Obama economy fails in election, Main street suffers while Wall St prospers for now, Jobs wages food stamps part time jobs replacing full time, You can’t fool all the people all the time
“One of the CBO’s most intriguing estimates is that by 2017 there will be 2 million fewer full-time jobs on the market than there would have been without Obamacare, and that figure could climb to 2.5 million by 2024.”…Market Watch February 4, 2014
“Nearly half of U.S. companies are reluctant to hire full-time employees because of the ACA. One in five firms indicates they are likely to hire fewer employees, and another one in 10 may lay off current employees in response to the law.
Other firms will shift toward part-time workers. More than 40 percent of CFOs say their companies will consider switching some jobs to less than 30 hours per week or targeting part-time workers for future employment.”…Duke University Fuqua School of Business December 11, 2013
“Freedom is the freedom to say that two plus two make four. If that is granted, all else follows.”…George Orwell, “1984″
Obama lies about jobs and the economy fooled only his hard core supporters.
Many of his young supporters are disenchanted.
Lincoln was right. You can’t fool all the people all the time.
The jobs situation, despite the best efforts of Obama and the mainstream media to obfuscate, is horrible.
Record numbers of people have dropped out of the labor force. Record numbers of part time jobs have been created or evolved from former full time jobs.
This is the only reason the stated unemployment rate has dropped.
We have record numbers of people on public assistance and food stamps.
Young people, instead of saving are taking from assets, living with their parents, unable to afford houses.
The financial markets are being propped up by the FED and accounting smoke and mirrors.
Once again, Zero Hedge provides insights.
“Why The Stock Market Is Detached From The Economy”
“Think about this for a moment. The stock market is comprised of thousands of companies doing business in the economy. Therefore, it only makes sense that the value of the stock market should be a reflection of the economy. As the economy ebbs and flows, so should the values of the companies that are operating within it. This idea can be demonstrated by looking at the real, inflation-adjusted, price of the S&P 500 as a percentage of real GDP.”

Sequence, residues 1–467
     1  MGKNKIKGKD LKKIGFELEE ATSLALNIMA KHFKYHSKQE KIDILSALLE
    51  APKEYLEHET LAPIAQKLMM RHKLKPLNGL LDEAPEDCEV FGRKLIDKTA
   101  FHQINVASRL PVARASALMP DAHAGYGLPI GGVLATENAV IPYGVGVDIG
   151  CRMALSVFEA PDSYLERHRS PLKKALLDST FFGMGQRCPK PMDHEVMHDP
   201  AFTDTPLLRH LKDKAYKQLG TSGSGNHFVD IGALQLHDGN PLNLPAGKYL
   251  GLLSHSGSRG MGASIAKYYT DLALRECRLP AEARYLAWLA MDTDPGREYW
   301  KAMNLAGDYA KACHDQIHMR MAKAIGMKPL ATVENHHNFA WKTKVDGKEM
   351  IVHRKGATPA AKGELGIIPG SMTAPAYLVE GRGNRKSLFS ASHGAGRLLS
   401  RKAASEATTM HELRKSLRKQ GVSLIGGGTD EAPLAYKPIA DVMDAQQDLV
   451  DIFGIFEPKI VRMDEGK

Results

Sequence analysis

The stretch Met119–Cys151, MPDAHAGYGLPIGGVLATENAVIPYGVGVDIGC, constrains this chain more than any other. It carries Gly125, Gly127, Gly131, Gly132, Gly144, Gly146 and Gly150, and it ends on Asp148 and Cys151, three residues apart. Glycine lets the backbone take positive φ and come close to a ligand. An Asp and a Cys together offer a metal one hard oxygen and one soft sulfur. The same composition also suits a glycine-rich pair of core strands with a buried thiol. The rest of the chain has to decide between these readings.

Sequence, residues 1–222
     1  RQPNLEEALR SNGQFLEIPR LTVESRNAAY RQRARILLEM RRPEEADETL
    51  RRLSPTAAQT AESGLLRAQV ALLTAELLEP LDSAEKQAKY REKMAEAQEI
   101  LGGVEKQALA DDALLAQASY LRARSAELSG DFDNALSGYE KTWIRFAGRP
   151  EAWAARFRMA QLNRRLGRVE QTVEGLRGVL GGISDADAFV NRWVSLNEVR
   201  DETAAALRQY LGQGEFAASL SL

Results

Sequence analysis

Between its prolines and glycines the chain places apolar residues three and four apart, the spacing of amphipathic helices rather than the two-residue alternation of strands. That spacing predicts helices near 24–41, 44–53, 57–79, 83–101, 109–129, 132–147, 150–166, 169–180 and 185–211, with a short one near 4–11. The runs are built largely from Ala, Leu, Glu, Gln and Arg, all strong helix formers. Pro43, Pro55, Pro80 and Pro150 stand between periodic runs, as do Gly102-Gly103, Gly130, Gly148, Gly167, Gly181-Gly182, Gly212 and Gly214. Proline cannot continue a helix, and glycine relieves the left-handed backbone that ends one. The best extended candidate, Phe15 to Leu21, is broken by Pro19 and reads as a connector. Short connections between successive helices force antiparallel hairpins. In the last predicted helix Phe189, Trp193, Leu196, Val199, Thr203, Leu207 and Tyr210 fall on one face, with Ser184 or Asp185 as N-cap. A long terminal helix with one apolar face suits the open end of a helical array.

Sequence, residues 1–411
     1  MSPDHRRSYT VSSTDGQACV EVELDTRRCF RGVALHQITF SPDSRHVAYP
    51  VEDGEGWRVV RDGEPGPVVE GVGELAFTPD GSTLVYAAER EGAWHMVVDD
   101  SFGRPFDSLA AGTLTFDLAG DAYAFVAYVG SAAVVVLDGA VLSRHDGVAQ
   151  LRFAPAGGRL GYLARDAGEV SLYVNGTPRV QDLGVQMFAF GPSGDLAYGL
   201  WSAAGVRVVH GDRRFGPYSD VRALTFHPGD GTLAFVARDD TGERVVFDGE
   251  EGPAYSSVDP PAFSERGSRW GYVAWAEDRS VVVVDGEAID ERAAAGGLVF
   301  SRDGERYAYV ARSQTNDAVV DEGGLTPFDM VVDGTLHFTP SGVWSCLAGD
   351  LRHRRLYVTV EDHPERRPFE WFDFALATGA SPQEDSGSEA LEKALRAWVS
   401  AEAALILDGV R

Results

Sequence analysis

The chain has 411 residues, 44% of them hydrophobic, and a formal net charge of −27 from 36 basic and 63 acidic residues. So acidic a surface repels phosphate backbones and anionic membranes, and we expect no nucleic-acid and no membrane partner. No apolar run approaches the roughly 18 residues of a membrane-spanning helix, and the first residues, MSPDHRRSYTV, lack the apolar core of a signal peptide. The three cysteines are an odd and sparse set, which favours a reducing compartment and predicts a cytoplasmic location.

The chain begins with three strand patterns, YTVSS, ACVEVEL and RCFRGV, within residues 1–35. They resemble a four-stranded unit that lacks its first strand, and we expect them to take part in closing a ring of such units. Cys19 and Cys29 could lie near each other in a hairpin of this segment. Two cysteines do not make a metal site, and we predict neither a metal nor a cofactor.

“From 1960 through 1980 the economy was growing faster than asset prices as the U.S. was the manufacturing powerhouse of the post-WWII industrialized nations. However, beginning in 1982 the economy begin to shift from a production and manufacturing-based society to a service based economy with finance at the core. As interest rates and inflation began a 30-year decline, the demand for credit rose to offset a rising standard of living that outpaced both economic and wage growth. Between 1982 and 2000 the price of the market caught up with, and eventually surpassed, real economic growth.
Following the turn of the century, prices have continued to push higher as continued declines in inflationary pressures and interest rates were enhanced by sequential floods of liquidity from mortgage equity extractions, easy credit terms and recently direct injections from the Federal Reserve. Since 2000, the price of the market has far outpaced the growth of the underlying economy.”
“Over the last decade in particular, financial engineering has distorted the relationship between the financial markets and the underlying economy. Corporations have resorted to a host of tools to maintain asset prices in the face of weak economic growth. To wit:
“In order for profitability to surge, despite rather weak revenue growth, corporations have resorted to four primary weapons: wage reduction, productivity increases, labor suppression and stock buybacks. The problem is that each of these tools create a mirage of corporate profitability.”